Brave and moving in its choice of subject matter and simplicity, Wetlands packs a punch in its portrayal of a tragic family drama sets again the backdrop of a small farming community in Quebec.
French-Canadian filmmaker Guy Edoin’s striking debut explores themes of sexual identity, grief, and rural farming through dysfunctional family relations. The opening scene sets up these themes with the appearance of 14-year-old Simon pleasuring himself and being called to help his parents deliver a young calf, that dies during birth. Its obvious from the start that his parents’ dedication to their work sets him apart, Simon is slow and clumsy, and his father Jean blames their misfortunes on his tardiness. The scene is symbolic of the isolation Simon feels in the family dynamic, the hardship his family endures running a farm that’s fraught with disappointment, and the accidental deaths which underpin the tragedy.
The sudden and accidental death of Jean plunges Simon into further isolation as his mourning mother Marie finds it hard not to blame him for her misery. As the story unfolds it becomes known, through subtle visual clues that there was a younger brother who drowned as a result of Simon’s negligence, much like the death of his father. The growing tension and emotional distance between mother and son is brilliantly portrayed through slow drawn out scenes void of background music or any activity even dialogue, which succeed in making the viewer highly uncomfortable, frustrated and restless.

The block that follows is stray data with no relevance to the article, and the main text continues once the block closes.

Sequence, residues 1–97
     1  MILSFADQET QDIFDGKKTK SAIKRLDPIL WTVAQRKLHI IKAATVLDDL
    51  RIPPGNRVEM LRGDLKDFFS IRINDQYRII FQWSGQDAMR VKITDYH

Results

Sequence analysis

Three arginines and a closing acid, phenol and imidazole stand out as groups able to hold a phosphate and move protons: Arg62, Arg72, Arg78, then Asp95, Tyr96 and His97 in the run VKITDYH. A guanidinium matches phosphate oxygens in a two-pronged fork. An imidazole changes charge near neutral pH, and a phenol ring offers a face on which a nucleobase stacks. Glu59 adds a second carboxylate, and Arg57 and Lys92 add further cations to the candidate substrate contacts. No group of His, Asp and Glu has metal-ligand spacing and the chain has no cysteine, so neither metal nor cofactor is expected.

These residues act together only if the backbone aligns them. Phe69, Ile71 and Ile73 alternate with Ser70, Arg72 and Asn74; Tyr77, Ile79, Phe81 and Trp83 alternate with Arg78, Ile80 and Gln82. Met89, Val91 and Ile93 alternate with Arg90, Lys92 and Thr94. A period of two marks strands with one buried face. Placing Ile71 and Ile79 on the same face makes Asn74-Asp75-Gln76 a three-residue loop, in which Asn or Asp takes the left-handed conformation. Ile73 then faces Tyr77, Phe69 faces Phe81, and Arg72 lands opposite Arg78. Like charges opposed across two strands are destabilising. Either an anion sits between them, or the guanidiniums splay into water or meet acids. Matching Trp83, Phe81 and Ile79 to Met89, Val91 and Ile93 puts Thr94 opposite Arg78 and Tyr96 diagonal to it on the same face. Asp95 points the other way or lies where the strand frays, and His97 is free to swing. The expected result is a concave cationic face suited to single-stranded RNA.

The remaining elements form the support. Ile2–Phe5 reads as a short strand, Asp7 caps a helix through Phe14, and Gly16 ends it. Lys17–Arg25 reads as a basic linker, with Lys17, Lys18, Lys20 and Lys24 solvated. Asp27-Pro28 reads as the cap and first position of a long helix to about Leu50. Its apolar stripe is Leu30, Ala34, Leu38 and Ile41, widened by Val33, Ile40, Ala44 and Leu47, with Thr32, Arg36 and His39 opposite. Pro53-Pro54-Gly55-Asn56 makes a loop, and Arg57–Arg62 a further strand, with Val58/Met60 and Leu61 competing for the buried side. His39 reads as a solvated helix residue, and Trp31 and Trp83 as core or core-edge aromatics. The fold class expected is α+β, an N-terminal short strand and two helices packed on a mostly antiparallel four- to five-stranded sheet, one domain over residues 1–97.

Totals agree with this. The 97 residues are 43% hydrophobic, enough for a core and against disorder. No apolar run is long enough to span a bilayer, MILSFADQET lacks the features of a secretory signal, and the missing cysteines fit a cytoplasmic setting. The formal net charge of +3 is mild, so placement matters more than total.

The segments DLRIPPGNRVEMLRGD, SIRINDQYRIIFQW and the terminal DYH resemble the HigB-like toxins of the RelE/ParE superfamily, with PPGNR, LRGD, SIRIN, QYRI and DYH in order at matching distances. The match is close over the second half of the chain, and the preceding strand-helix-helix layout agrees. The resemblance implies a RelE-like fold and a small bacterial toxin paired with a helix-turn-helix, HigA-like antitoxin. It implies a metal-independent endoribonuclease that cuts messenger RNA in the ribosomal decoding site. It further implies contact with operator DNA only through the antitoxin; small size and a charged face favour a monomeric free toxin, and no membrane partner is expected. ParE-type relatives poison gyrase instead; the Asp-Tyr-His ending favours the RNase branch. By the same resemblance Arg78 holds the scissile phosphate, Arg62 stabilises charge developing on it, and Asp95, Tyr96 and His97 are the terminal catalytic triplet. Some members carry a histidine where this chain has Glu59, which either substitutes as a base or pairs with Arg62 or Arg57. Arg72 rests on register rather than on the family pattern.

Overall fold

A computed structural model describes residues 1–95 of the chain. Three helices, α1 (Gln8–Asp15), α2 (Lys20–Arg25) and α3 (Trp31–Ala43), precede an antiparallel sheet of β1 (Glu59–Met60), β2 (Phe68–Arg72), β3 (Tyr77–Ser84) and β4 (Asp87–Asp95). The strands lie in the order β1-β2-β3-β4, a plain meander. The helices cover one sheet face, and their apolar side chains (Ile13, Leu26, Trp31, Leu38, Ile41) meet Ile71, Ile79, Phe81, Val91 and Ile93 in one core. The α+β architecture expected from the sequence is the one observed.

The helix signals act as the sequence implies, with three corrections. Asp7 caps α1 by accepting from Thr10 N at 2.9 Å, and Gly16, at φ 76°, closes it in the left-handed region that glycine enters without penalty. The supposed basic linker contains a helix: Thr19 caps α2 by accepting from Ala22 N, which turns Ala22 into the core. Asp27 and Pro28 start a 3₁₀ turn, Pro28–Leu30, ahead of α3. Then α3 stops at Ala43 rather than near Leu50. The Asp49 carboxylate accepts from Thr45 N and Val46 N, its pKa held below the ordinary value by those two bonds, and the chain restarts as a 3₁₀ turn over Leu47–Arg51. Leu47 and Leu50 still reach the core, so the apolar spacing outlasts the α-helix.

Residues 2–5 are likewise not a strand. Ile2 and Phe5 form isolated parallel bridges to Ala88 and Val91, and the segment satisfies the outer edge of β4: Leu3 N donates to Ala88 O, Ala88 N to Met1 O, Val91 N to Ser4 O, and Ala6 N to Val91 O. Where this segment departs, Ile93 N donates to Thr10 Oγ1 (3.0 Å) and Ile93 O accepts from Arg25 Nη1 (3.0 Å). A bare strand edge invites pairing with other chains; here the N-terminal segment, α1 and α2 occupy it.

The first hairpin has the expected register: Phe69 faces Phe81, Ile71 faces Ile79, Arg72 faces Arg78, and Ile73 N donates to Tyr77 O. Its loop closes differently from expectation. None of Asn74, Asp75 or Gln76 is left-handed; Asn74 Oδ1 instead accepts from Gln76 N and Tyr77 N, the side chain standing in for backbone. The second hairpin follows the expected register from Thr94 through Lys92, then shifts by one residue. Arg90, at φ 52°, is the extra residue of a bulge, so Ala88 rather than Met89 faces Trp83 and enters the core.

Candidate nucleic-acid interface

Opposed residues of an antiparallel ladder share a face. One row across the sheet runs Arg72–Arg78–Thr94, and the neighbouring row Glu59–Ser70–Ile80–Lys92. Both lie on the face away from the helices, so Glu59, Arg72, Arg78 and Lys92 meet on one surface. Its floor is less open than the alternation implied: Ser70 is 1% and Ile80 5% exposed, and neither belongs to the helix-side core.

The characters aren’t big on talking, which makes it difficult to emotionally connect, but the intensity and brilliance of Maille and Bussiers’ performances compensate for this lack of communication and demand an emotional reaction. Its impossible not to hate Marie for her selfish and immature treatment of Simon, who on top of dealing with his emerging sexual identity and frustration, is experiencing extreme guilt and grief at the death of his father. In fact their roles almost become reversed when Marie spirals into alcoholism and takes up with an abusive drifter, while Simon is forced to work the farm and be his own moral compass. It becomes easy to excuse his peeping Tom antics when he sneaks up on a farmer in the shower, or when he watches others having sex, because he’s been left without any guidance at such a confusing age.
The movie relies on subtly: the comfort that Simon’s gay grandmother and her partner provide is contrasted with his growing interest in men, leaving the interpretation of Simon’s sexual identity entirely up to the viewer. Blink and you’ll miss it, the film doesn’t spell anything out, and we’re constantly forced to put the pieces of the family's past and future together as events unfold. The ending of the film is also highly ambiguous, how much attention you pay to conversations throughout the film will dramatically effect the way you interpret the ending. Which is actually refreshing, and leaves you thinking about the actions you would take if you were in their shoes.
While it might not be the best movie to see on a first date, or a lazy Sunday afternoon, Wetlands is a haunting and moving family tragedy, that includes captivating cinematography saturated in vivid colors, coupled with a fantastic cast and a powerful silence that is very rare in modern cinema.
Review Score: 6.0 out of 10
Wetlands (Marecages) is screening at Sydney's Canadian Film Festival on August 18th.
Runtime: 111 minutes.